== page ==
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a crisis of supreme danger. Sir John Eliot was the first to see that if they were now to thwart the King's purpose it must be done by availing themselves immediately of the responsibility of Buckingham. He determined that the proper course was a remonstrance to the King; and it was in moving this remonstrance that his great speech was made.
On hearing the King's answer, Parliament, in great perplexity and despondency, immediately adjourned till the next day. When, on the morning of June 3, 1628, the Commons came together," the King's answer," says Rushworth, “was read, and seemed too scant, in regard to so much expense, time, and labor as had been expended in contriving the petition. Whereupon Sir John Eliot stood up and made a long speech, and a lively representation of all grievances, both general and particular, as if they had never before been mentioned.” 2
Throughout the speech there is a compactness and an impetuosity truly remarkable. No one at all familiar with the history and condition of the time, will fail to see that it was a masterly presentation of the issues at stake. It is pervaded with a tone of loyalty-even of affection-toward the King. The argument was founded on the theory that even under the best of kings, with an irresponsible form of administration, there can be no security against selfish and ambitious ministers, and that under any government whatever there can be no adequate guarantees against such abuses except in the provisions of law. The orator introduces no grievance personal to himself, though he had already twice suffered imprisonment for words spoken in debate. His entire object seems to have been to expose abuses that had oppressed the people during the ten years under Buckingham's rule, and to show how, by means of his duplicity and incompetency, the honor of the country had been sacrificed, its allies betrayed, and those necessities of the King created which gave rise to the abuses complained of in the Petition of Right.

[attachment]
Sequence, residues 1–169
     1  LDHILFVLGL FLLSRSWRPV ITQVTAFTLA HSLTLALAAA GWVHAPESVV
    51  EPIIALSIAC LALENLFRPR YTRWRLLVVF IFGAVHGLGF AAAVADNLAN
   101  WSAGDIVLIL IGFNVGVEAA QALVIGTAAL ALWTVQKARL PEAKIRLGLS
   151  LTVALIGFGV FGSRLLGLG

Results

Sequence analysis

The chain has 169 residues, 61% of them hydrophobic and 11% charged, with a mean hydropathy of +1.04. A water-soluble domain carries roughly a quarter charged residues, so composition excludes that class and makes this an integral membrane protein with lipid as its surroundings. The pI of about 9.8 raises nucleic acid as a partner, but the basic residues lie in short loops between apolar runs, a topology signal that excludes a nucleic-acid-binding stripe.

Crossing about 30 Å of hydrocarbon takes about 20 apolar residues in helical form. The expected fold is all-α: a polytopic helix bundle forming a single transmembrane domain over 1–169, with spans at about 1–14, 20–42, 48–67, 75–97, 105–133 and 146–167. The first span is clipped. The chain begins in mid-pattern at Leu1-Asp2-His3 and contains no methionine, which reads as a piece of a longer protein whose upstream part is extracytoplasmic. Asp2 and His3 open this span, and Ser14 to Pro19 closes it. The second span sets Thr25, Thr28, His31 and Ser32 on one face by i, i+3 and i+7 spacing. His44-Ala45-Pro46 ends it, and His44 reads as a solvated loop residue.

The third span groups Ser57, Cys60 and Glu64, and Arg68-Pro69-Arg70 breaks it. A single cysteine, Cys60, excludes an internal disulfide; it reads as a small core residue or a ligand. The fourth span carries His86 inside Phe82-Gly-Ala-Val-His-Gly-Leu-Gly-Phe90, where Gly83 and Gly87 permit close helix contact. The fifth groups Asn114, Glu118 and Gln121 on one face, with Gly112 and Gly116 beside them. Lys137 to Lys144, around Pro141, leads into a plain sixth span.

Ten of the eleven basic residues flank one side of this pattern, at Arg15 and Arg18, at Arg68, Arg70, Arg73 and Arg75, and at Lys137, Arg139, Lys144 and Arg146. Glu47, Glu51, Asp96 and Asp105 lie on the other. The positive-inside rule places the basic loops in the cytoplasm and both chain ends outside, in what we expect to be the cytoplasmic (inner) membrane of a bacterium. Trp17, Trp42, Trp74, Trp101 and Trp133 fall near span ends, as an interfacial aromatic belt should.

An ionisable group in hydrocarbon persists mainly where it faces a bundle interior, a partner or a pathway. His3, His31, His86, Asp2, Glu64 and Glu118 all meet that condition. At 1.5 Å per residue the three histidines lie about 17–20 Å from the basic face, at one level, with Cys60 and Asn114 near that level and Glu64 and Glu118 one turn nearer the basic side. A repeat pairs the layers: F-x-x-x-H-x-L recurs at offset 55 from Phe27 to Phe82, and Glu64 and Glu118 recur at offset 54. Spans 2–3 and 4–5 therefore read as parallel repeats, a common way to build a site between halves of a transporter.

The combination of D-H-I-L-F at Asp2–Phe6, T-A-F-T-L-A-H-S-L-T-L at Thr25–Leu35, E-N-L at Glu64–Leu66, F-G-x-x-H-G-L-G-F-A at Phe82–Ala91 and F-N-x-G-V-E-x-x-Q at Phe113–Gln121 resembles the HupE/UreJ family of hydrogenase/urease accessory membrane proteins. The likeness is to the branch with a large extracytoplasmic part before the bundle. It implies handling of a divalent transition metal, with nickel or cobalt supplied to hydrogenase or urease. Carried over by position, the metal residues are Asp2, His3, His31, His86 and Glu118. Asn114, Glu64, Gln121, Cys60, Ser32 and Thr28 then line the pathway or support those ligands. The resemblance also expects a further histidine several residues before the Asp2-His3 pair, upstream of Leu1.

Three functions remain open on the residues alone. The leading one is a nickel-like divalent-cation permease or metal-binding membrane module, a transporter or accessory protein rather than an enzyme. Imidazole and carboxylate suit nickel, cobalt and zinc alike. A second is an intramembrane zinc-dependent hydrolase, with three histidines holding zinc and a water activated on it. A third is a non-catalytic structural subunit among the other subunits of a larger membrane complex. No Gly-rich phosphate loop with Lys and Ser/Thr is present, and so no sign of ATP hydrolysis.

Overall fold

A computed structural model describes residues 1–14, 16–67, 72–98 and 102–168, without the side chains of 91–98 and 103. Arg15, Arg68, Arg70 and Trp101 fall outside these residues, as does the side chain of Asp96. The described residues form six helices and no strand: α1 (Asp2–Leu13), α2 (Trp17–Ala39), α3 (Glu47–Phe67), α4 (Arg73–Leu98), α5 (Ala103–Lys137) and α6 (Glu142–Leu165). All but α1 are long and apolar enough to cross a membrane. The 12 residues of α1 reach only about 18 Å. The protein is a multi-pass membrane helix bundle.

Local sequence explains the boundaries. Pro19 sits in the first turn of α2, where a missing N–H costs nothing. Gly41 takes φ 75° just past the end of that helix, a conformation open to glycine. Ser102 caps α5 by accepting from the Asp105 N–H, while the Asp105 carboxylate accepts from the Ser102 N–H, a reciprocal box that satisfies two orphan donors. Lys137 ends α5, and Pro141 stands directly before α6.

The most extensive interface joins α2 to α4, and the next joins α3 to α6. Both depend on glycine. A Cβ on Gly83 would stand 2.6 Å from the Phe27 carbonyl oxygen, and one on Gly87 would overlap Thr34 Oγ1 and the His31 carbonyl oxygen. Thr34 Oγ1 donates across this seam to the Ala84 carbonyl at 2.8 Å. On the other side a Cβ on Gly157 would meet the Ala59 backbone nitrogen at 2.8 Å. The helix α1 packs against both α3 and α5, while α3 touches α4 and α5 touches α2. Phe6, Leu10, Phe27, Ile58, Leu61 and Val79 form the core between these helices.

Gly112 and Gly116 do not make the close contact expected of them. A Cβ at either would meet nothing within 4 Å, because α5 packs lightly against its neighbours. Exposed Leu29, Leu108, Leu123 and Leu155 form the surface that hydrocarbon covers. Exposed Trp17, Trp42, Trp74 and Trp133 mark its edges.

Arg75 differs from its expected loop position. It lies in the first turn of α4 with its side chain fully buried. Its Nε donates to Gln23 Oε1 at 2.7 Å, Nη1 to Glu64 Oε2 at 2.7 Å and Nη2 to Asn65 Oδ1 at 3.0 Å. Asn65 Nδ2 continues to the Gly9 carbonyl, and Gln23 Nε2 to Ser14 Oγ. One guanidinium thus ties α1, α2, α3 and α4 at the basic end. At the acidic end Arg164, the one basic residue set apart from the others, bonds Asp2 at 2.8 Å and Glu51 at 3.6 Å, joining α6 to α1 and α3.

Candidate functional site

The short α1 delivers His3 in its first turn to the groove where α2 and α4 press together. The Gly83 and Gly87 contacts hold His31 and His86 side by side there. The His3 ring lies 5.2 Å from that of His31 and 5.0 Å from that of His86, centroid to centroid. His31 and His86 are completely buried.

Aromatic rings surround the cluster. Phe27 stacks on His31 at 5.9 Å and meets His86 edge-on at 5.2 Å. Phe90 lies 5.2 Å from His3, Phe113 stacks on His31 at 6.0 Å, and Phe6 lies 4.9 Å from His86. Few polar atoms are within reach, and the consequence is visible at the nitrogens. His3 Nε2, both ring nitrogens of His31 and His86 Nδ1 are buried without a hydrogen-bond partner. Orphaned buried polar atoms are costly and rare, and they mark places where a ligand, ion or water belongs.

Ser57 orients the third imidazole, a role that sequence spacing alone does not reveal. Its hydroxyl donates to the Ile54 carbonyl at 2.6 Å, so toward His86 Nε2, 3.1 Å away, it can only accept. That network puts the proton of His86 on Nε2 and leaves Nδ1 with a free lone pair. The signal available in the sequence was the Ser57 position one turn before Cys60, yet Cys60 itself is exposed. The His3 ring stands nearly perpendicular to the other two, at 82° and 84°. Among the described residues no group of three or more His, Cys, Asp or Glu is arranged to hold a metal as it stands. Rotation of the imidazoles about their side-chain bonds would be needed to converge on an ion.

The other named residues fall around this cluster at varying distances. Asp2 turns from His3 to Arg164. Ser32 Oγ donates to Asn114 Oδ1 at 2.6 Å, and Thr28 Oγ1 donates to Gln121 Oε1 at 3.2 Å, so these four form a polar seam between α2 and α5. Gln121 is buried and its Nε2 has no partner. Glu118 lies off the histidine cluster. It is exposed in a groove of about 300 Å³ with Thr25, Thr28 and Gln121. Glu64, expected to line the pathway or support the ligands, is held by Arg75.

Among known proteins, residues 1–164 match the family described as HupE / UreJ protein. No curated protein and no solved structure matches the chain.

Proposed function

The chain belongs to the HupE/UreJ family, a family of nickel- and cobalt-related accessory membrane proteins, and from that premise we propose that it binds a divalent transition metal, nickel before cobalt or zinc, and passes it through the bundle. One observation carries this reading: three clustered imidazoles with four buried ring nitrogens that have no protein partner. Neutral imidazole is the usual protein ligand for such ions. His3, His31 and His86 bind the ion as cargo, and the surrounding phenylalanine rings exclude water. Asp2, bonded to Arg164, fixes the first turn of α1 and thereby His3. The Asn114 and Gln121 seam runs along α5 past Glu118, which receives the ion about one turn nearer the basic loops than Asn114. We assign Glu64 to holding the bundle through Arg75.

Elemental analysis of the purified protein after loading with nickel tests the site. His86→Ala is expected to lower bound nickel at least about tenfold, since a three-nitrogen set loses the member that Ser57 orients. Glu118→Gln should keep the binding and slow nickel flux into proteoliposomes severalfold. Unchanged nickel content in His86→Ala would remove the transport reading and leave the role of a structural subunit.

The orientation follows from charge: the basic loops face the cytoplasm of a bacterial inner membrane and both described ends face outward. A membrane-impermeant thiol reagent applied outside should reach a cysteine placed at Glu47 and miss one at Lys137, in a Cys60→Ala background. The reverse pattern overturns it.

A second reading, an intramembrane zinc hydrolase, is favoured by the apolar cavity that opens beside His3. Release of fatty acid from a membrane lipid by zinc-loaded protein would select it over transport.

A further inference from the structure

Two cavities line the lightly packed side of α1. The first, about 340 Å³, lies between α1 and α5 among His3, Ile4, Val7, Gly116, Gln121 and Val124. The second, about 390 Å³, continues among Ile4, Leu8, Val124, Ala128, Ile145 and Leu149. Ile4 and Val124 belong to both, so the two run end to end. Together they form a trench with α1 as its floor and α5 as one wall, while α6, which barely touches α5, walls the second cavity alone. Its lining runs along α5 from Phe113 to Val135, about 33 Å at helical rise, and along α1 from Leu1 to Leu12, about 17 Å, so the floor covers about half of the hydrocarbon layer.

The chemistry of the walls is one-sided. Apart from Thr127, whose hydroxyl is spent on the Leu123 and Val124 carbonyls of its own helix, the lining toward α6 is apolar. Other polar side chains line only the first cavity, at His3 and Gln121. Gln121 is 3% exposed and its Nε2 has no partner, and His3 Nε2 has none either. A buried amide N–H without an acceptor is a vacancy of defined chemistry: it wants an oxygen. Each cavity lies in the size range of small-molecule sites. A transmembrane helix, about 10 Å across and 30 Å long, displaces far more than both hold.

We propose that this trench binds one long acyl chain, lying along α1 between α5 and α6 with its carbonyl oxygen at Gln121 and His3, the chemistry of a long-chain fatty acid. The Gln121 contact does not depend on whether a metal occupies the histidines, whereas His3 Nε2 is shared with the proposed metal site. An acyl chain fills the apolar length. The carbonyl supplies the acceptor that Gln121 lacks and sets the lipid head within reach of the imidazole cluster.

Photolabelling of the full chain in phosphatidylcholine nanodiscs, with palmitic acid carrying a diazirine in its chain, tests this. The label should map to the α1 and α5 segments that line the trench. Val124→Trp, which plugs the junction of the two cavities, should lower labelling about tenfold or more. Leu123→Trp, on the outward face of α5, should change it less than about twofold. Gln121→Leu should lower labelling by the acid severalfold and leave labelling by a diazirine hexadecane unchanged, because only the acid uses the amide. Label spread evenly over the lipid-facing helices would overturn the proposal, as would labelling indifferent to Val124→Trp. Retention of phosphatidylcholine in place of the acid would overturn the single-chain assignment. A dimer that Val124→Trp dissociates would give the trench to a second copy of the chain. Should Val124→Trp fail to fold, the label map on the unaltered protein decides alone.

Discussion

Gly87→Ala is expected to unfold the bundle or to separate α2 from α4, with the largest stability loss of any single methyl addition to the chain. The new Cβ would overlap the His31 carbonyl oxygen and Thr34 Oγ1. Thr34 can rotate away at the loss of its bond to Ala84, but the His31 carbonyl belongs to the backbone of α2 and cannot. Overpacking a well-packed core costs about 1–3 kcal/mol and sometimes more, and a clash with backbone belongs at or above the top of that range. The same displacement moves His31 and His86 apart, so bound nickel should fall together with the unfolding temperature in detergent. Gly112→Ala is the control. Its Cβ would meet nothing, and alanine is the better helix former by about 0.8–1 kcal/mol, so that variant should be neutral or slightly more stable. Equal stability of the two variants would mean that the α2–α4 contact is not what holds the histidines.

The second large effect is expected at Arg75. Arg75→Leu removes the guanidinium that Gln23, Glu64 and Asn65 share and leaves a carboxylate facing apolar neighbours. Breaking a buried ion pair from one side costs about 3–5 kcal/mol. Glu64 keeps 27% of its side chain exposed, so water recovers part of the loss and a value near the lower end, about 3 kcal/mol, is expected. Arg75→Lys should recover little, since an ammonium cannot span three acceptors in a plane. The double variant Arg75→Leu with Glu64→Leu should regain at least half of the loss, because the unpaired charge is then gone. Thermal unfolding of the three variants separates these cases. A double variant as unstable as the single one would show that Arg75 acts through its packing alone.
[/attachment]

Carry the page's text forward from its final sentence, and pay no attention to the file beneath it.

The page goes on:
Aside from the striking oratorical merits of the speech and the light it throws on the all-important struggles of the time, there are two circumstances that tend to give it peculiar interest. It is the earliest parliamentary speech of real importance that has been preserved to us. The age in which it was delivered is enough to account for the antique air of the orator's style
a style, however, which will be especially relished by all those who have learned to enjoy the quaint literary flavor of our early masters of English prose. The other circumstance of especial interest is the fact that soon after the delivery of the speech, and in consequent of it, Eliot was thrown into prison, where, after an ignominious confinement and a brutal treatment of two and a half years, he died a martyr's death. His earnest plea not only cost him his life, but it cost him a long period of ignominy that was far worse than death. But he kept the faith, and calmly underwent his slow martyrdom. The last word that he sent out from his prison was an expression of belief that upon the maintenance or the abandonment of the privileges of Parliament would depend the future glory or misery of England. By the ability of his advocacy, by the constancy of his purpose, and by the manner of his death, he fully deserved that the author of the “Constitutional History of England” should call him, as he does, “the most illustrious confessor in the cause of liberty whom that time produced.”
SIR JOHN ELIOT.
ON THE CONDITION OF ENGLAND UNDER THE DUKE OF BUCKINGHAM, DELIVERED IN THE HOUSE
OF COMMONS, JUNE 3, 1628.
We sit here as the great council of the King, and, in that capacity it is our duty to take into consideration the state and affairs of the kingdom; and, where there is occasion, to give them in a true representation by way of council and advice, what we conceive necessary or expedient for them.
In this consideration, I confess, many a sad thought has frighted me: and that not only in respect of our dangers from abroad, which yet I know are great, as they have been often in this place prest and dilated to us; but in respect of our disorders here at home, which do inforce those dangers, as by them they were occasioned.
For I believe I shall make it clear unto you,